WASHINGTON (Reuters) - U.S. lawmakers on Tuesday extended until late July a deadline for a second vote on legislation central to President Barack Obama’s Pacific Rim trade pact, giving supporters time to obtain more backing for it.
At the same time, further delays will squeeze the time frame for Obama to hammer out the 12-nation pact, a signature project that was dealt a major setback in the House of Representatives last week by the president’s own Democrats.
As expected after last week’s drama, the House voted 236 to 189 to extend until July 30 a deadline for a second vote on a federal program that supports workers hurt by trade. An initial vote on it failed on Friday, causing lawmakers to consider the option of cutting that program out of the trade bill altogether.
In that vote, many Democrats opposed the worker aid program as a way to block a companion measure to streamline the passage of trade deals through the U.S. Congress. Even though the second measure was approved, its progress was blocked by the failure of the worker aid program.
That threw plans for a swift completion of Obama’s Trans-Pacific Partnership, or TPP, into disarray, forcing him and Republican leaders, who also support the trade pact, to search for a new path ahead.
“We’re looking for a way forward and when we find one we will let you know,” House Speaker John Boehner, a Republican, told reporters before the vote.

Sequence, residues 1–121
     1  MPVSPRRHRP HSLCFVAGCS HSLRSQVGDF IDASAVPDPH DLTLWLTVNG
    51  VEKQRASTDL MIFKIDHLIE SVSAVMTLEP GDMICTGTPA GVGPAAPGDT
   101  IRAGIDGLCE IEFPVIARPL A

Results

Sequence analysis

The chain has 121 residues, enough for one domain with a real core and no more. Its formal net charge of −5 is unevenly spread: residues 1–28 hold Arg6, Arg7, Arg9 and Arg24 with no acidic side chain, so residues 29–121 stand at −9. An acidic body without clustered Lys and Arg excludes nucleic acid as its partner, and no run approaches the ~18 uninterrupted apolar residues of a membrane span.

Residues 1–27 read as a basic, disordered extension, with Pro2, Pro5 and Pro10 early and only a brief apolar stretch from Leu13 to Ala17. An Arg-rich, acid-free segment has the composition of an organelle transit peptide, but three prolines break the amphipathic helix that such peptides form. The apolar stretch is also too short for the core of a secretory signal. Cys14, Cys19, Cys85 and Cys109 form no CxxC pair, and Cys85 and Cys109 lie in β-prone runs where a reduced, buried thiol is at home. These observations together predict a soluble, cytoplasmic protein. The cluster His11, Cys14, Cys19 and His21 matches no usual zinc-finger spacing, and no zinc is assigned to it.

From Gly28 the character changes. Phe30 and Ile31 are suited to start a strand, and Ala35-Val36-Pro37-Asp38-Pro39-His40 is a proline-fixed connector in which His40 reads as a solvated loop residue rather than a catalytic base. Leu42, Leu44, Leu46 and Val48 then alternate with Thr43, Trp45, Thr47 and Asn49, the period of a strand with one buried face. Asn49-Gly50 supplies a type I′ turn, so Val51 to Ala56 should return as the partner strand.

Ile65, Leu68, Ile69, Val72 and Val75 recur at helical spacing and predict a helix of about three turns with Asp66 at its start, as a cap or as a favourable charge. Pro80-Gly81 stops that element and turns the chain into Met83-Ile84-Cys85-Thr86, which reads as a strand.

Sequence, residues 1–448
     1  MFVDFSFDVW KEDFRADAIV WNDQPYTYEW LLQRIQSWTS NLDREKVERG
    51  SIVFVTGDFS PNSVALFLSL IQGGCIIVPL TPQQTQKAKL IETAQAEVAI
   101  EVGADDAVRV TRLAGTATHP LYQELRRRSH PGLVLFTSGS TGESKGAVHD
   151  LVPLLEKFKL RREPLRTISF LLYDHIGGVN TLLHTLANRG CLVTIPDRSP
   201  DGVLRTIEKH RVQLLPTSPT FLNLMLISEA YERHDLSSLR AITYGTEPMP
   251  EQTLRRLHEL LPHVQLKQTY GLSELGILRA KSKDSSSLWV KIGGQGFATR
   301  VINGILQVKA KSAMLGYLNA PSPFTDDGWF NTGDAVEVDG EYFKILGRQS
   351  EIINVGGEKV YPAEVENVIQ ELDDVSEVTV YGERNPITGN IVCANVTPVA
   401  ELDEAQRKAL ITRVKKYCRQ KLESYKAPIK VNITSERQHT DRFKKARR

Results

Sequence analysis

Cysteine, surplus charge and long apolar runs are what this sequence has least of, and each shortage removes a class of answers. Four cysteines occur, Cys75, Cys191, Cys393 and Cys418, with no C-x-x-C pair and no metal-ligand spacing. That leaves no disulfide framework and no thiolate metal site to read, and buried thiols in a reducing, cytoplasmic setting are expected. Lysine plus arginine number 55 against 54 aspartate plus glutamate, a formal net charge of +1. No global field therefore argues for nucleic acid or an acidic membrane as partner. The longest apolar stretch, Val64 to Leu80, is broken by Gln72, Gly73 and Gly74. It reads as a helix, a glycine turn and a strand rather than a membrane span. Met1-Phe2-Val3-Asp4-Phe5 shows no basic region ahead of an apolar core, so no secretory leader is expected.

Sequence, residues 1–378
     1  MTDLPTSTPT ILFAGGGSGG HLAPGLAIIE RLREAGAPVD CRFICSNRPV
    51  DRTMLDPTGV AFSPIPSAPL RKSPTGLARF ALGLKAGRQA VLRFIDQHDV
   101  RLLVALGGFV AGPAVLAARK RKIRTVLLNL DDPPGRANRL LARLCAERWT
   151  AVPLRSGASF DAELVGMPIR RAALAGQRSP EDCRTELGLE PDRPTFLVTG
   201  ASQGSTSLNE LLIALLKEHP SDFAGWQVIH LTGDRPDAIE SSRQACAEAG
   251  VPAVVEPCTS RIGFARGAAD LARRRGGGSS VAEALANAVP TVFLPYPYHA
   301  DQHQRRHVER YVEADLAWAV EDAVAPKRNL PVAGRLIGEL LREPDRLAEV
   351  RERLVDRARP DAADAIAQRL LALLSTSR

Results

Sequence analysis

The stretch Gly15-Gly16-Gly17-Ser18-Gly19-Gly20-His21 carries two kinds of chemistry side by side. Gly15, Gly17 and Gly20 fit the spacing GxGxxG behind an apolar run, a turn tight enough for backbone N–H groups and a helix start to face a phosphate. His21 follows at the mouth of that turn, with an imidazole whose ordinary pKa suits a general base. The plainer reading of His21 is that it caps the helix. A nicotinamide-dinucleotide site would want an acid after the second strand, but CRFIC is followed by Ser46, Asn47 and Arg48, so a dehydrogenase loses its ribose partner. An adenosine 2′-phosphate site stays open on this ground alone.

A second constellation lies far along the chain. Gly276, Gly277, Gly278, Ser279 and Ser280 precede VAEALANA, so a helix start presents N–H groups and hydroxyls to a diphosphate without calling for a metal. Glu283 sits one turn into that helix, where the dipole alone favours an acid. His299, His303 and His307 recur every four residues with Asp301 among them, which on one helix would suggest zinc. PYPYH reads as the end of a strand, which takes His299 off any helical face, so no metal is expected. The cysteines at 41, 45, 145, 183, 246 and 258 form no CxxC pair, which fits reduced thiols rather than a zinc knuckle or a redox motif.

Republican Senator John Thune said delays were not helping the TPP, which must get past Congress this year to avoid being bogged down in the U.S. 2016 presidential elections.
“The longer this hangs out there, the harder it becomes and the more it complicates passage of TPP,” Thune told reporters.
Democrats opposed the worker aid program because its approval would ease the passage of “fast-track,” which would allow lawmakers to set negotiating objectives for trade deals but restrict them to a yes-or-no vote on the final agreement. Many Democrats and their labor union allies fear that trade deals such as TPP will cause the loss of American jobs.
One possibility would be to drop the worker aid program and send to the Senate, which has already approved both measures, a bill containing only fast-track provisions.
Senate Finance Committee Chairman Orrin Hatch said he was open to any solution that would get the trade package done. “We’re ultimately going to get it through,” he said.
Additional reporting by Richard Cowan and Alex Wilts; Editing by Kevin Drawbaugh and Steve Orlofsky